– PSP Xenon.  Bought this on a whim after hearing so much about it, but I rarely use it.  I like it for softer more dynamic music, something where you don’t want a really transparent limiter, but you don’t want too much color either.  Has a way to reacting to transients that feels different to me from anything else.  Not often used here, but I know exactly when I need it with some projects.

– NI Traktor 2.  After using Live to DJ for years and years, it was time for a break.  Checked out Traktor and was hooked immediately.  Combined with the S4, it’s most tightly integrated laptop/controller set up I’ve ever used.  Works great, never gives me any issues, and is a ton of fun to use.

– u-He Uhbiks.  Bought these on a deal when they first came out, and loved the sound of them.  Sadly, I hated the interface, weird tempo multiple for delays times and what not.  As a result, for two years I never used them and eventually sold them.

– Presonus Studio One.   Presonus heard I was interested in Studio One and invited me to join the beta team.  So I’ve used Studio One quite a bit since it was released, and it’s still my go to for client mixdowns and audio editing.


– Fabfilter Pro-L.  Best sounding limiter ever, very easy to make things weak sounding though.  Powerful when you can really hear what you’re doing through

– Audiofile Engineering Triumph.  The update to Wave Editor took me awhile to get used to, and this is with daily use as part of my mastering business.  For every user request they added, it felt like 2 steps back in the usability of some other function.  I’m used to it now and rely on it daily to earn a living, but it still feels needlessly complicated at times.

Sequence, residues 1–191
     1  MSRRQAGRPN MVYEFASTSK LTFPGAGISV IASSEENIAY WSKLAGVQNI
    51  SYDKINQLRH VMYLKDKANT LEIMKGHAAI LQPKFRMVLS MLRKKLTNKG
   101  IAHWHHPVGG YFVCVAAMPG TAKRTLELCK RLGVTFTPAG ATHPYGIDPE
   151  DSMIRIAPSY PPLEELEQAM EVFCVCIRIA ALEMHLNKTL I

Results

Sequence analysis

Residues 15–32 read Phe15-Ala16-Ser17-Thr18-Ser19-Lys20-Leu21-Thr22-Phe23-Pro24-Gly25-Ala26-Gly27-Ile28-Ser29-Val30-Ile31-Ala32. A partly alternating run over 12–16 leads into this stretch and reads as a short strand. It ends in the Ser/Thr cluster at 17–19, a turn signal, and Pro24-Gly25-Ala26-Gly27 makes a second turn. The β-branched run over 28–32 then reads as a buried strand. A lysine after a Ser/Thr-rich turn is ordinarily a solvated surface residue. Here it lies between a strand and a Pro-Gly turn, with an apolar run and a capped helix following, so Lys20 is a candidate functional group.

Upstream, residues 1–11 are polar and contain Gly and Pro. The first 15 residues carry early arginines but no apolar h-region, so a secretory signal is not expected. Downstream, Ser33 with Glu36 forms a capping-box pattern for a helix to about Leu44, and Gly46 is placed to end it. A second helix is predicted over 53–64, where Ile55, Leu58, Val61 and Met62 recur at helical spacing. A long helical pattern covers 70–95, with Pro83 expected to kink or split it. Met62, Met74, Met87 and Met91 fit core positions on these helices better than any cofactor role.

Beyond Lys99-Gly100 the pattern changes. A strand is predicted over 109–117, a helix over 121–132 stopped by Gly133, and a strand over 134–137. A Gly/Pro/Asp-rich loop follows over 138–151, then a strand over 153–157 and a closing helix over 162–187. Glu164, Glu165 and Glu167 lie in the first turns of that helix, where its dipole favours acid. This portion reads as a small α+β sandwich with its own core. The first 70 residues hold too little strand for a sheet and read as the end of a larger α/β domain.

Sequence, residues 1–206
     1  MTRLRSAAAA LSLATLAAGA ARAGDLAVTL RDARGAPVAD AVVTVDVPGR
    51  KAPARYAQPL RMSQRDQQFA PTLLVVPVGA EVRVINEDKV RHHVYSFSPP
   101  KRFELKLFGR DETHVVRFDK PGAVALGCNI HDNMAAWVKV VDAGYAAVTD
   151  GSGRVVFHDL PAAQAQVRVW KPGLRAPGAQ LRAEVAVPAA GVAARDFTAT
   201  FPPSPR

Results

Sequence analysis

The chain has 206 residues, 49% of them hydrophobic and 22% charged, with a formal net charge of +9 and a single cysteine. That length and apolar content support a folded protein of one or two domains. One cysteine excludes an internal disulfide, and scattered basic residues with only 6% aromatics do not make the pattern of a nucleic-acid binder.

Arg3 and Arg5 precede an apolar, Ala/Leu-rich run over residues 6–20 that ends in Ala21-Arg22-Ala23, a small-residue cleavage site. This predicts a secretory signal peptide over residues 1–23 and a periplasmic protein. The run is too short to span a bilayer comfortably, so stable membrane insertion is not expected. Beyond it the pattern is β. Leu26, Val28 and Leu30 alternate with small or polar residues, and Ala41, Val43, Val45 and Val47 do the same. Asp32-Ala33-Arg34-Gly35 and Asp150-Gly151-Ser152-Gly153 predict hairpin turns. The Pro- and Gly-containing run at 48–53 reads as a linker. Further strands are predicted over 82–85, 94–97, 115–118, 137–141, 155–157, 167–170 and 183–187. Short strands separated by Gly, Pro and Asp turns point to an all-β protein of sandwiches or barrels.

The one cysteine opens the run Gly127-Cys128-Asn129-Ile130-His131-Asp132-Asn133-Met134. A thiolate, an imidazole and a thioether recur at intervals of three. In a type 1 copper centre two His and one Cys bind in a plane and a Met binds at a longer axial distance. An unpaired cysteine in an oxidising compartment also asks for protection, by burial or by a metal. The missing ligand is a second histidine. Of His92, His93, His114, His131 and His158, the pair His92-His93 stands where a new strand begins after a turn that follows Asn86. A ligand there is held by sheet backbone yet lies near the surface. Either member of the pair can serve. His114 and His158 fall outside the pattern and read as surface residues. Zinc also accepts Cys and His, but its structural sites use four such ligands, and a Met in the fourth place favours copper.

– Jam Origin MIDI Guitar.  Finally, an audio to MIDI program for guitar that works with my playing style. I love this app, it’s amazing how well it works.

– DMG Equilibrium.  The best EQ ever.   This does everything, and expects you know what you’re doing when it comes to EQ.  If you do, welcome to the most amazing EQ ever designed.


I’m sure there’s quite a few smaller plug ins I’m forgetting about, but I think this covers most of what I’ve purchased over the years.  Quite the list again in hindsight!

Gear Gone By


I recently finished a major overhaul of the studio, improving it not only for my mastering business, but also making things a little better for me as a musician as well.  You can read the full details of the build process here if you’re curious:

The New Studio Desk

As I was working on rearranging things, I started thinking about all the different pieces of musical equipment I’ve used over the years.  Interesting to see how they shaped the path my life has taken, so I thought I’d list them from the beginning:

– Used White Crappy Electric Guitar & Tiny Crappy Amp.  Got this at a pawn shop for my 16th birthday for $120, and the owner threw in a tiny POS 4″ amp for me.  He tuned it to pitch pipes, and that was the last time it was tuned in the year I owned it.  I had no idea what I was doing with this thing, but I did it every day.  I don’t even think it was a full scale guitar now that I think of it.

– Black Dean 88 Guitar, Jackson Preamp, Racked Spring Reverb.  After a year of the white guitar, I knew I was hooked and wanted to upgrade to something nicer.  Got the Dean and they threw in a tuner, suddenly it was a LOT easier to learn to play songs.  Amazing what a nice guitar can do I thought (not to mention being in tune!).  The Jackson Preamp I bought from a friend, and despite a bunch of knobs, it basically had two sounds: Clean with hiss, or full on shred with hiss and mains noise.  The reverb was meant to be for my guitar, but you couldn’t look at it without the spring starting to move, so I more or less always had reverb and couldn’t turn it off.